Apple Stock Drags The Market Lower

Monday’s market action was like Friday’s action in that the S&P 500 closed nearly flat (down 0.1%) and the Nasdaq underperformed as it was down 0.52%. Adding to the weakness in the riskiest markets was bitcoin and ethereum which cratered in the afternoon. Bitcoin fell from $2,997 to $2,519. Some exchanges had bitcoin exceeding the $3,000 milestone. Ethereum fell from $415 to $344. The entire cryptocurrency space is worth $107 billion; bitcoin has a 40.4% market share. Even though cryptocurrencies are supposed to be a safe haven to run to if the dollar crashes, I think comparing them to high beta stocks is the correct way to view them because of the parabolic move upward they’ve had. At this point, speculators are dominating them.

I would describe the past two days as a cross between ‘risk off’ and sector rotation out of tech stocks. The Nasdaq had its biggest 2-day decline since December which isn’t saying much because it’s been going up in a straight line all year. About 75% of the decline in the Nasdaq has been caused by the big 5 tech names. As you can see from the chart below, Apple’s decline represents 28% of the move as Apple is down 6.17% in the past two days. This effect on the market is why I cover Apple stock as if it’s a macroeconomic factor. The iPhone release in the fall is the biggest product launch by far for the S&P 500. The stock could rally this summer as anticipation mounts and then selloff when the product is announced (buy the rumor, sell the news).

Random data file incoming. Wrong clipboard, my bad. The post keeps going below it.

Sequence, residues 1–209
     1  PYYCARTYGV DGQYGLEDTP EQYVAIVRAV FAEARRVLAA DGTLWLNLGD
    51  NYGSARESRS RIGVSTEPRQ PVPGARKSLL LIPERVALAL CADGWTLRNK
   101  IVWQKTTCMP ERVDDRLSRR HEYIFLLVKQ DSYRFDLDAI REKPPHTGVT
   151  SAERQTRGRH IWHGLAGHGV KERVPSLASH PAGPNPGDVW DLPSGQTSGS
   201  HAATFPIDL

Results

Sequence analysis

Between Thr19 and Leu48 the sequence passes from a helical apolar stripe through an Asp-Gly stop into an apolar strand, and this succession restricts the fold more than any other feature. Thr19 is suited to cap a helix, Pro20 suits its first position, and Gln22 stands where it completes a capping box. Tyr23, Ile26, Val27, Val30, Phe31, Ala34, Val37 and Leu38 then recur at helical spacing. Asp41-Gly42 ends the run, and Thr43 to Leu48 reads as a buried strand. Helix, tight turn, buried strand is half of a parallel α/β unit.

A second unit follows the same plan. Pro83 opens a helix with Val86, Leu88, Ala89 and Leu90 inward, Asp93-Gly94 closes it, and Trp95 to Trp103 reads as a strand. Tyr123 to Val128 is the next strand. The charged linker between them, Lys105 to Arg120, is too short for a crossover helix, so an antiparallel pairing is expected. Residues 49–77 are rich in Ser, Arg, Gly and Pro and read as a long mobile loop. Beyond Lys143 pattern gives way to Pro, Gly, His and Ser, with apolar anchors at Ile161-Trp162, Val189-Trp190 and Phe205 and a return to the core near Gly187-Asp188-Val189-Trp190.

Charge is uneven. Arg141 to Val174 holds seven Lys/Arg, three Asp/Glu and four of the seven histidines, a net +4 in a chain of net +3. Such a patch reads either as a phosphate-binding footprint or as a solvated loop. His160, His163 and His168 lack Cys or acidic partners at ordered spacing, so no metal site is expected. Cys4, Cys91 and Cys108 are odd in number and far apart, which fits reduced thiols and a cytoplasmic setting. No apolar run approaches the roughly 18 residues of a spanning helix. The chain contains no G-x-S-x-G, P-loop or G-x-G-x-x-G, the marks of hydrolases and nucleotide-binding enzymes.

I don’t think the long-term fundamentals are sound for Apple because the smartphone replacement cycle is lengthening. It increased from 25 months in 2014 to 31 months in 2016. At first, it was thought that the ending of the two-year smartphone contracts could make people upgrade more quickly, but with the commoditization of the product, it may spur less upgrades as the devices become more future resistant. The end of the subsidized model by the carriers should pressure prices on devices. Consumer electronics prices have come down historically. As you can see from the chart below, Apple was able to up-sell customers in Q1 by offering more storage at the second upgrade level. For example, an iPhone 7 Plus 32GB costs $769; the next level for $869 has 128 GB. The increased price and storage could backfire on Apple by lengthening the upgrade cycle as many consumers upgrade when they run out of storage.

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Author: Travis Esquivel

Travis Esquivel is an engineer, passionate soccer player and full-time dad. He enjoys writing about innovation and technology from time to time.

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